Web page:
Nova Scotia

Nova Scotia releases largest ever capital plan, topping $1.5B

The Progressive Conservative government’s first capital plan is the largest in the Nova Scotia’s history, with a total of more than $1.5 billion in spending, primarily on hospitals, highways and schools.

Spending on hospital redevelopments is ramping up

Allan MacMaster is Nova Scotia's finance minister. He released the PC government's first capital plan on Wednesday, March 23, 2022, in Halifax. (Communications Nova Scotia)

The Progressive Conservative government's first capital plan is the largest in Nova Scotia's history, with a total of more than $1.5 billion in spending, primarily on hospitals, highways and schools.

Finance Minister Allan MacMaster released the 2022-23 plan Wednesday.

"The past couple of years have been challenging but I believe we are emerging from the pandemic with a bright future," MacMaster said at a media briefing.

"Nova Scotians are seeing cranes in the sky and structures going up, and with this year's capital plan, they will see even more."

The largest share of the $1.587-billion capital plan, about $630 million, goes to health care. That includes $464.6 million for ongoing hospital projects in Cape Breton Regional Municipality and Halifax Regional Municipality.

Spending on hospital redevelopments ramping up

Spending on those projects is significantly higher this year than last. The two hospital redevelopments accounted for $178.2 million in the 2021-22 capital plan. 

Ryan Grant, executive director of Nova Scotia's Finance and Treasury Board, said the greater costs reflect the natural progression of the projects. He said a further cost breakdown would be available after a tendering process for a large component of the QEII project in Halifax closes sometime this year.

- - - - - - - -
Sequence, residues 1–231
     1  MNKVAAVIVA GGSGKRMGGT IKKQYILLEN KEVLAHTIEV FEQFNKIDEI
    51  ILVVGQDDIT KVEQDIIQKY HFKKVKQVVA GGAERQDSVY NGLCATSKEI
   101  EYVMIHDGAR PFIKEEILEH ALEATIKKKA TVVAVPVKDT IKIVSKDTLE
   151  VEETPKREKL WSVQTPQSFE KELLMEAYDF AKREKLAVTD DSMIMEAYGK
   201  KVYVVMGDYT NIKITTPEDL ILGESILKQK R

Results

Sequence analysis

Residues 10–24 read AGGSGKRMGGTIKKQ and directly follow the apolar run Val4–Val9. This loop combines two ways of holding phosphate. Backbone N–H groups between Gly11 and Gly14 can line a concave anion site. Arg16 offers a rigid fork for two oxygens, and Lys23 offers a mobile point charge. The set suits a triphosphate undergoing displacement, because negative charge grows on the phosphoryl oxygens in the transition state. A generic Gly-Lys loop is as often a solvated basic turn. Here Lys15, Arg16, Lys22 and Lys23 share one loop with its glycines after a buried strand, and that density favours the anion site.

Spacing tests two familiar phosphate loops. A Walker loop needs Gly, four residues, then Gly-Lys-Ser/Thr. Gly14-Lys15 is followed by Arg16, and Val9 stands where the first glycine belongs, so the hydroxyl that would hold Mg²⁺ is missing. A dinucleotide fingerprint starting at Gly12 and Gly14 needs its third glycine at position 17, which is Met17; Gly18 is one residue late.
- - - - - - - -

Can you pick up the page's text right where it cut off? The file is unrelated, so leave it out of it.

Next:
MacMaster was joined by Ryan Grant, executive director of the Finance and Treasury Board, at a media briefing on Wednesday, March 23, 2022. (Communications Nova Scotia)

Other health care spending includes $122.6 million for construction, repair and renewal and other health projects, and $32 million to replace medical equipment — a doubling of the previous allocation for equipment upgrades.

The capital plan also includes $507.8 million for repairing or building highways, bridges and roads, as was announced earlier this year in the five-year highway plan.

Public schools will get $175.3 million this year for renovations, and design and construction of new buildings. Gone from this year's capital plan is money to buy back schools built through public-private partnerships. The last of those buildings were purchased in 2021-22.

Budget coming next week

MacMaster released the plan one day before the spring sitting of the legislature is set to begin. The capital plan will be subject to approval by the House along with this year's budget, which will be released on March 29, MacMaster announced.

Spending on the QEII hospital redevelopment is ramping up this year. (Paul Palmeter/CBC)

Absent from the capital budget is any spending on affordable housing, but MacMaster said that will be addressed in the coming budget.

"Our intent is clear, we want to invest money to increase the supply of housing," MacMaster said, referring back to his government's announcement of a $35-million housing strategy last fall.

He said it's too soon to tell how well that strategy is working.

MacMaster said long-term care, also left out of the capital plan, would also get attention in this year's budget.

Disappointment

NDP finance critic Sue Leblanc said she was disappointed that investment in public housing and long-term care infrastructure did not factor into the capital plan.

"We know we have a serious housing crisis in Nova Scotia and we know that it's going to require supply ... different types of supply," Leblanc told reporters Wednesday.

The PCs have committed to increasing the number of long-term care beds, but Leblanc said the approach is inadequate.

"We suspect that because it's not in the capital plan, that if there is investment in long-term care [in the budget], it's not going to be in public long-term care, it's going to be in private, and frankly we need to get the profit out of long-term care," Leblanc said. 

Spending big while interest rates are low

This is the third year the capital budget has topped $1 billion, and MacMaster's Liberal predecessor said last year that trend is likely to continue. MacMaster was not ready to make the same prediction, but he said now is a good time to be making big investments since interest rates are low.

"It's always a concern to me when I'm seeing money going out the door, but I know it's for infrastructure, it's meant to last many years into the future."

ABOUT THE AUTHOR

Taryn Grant

Reporter

Taryn Grant is a Halifax-based reporter and web writer for CBC Nova Scotia. You can email her with tips and feedback at taryn.grant@cbc.ca

now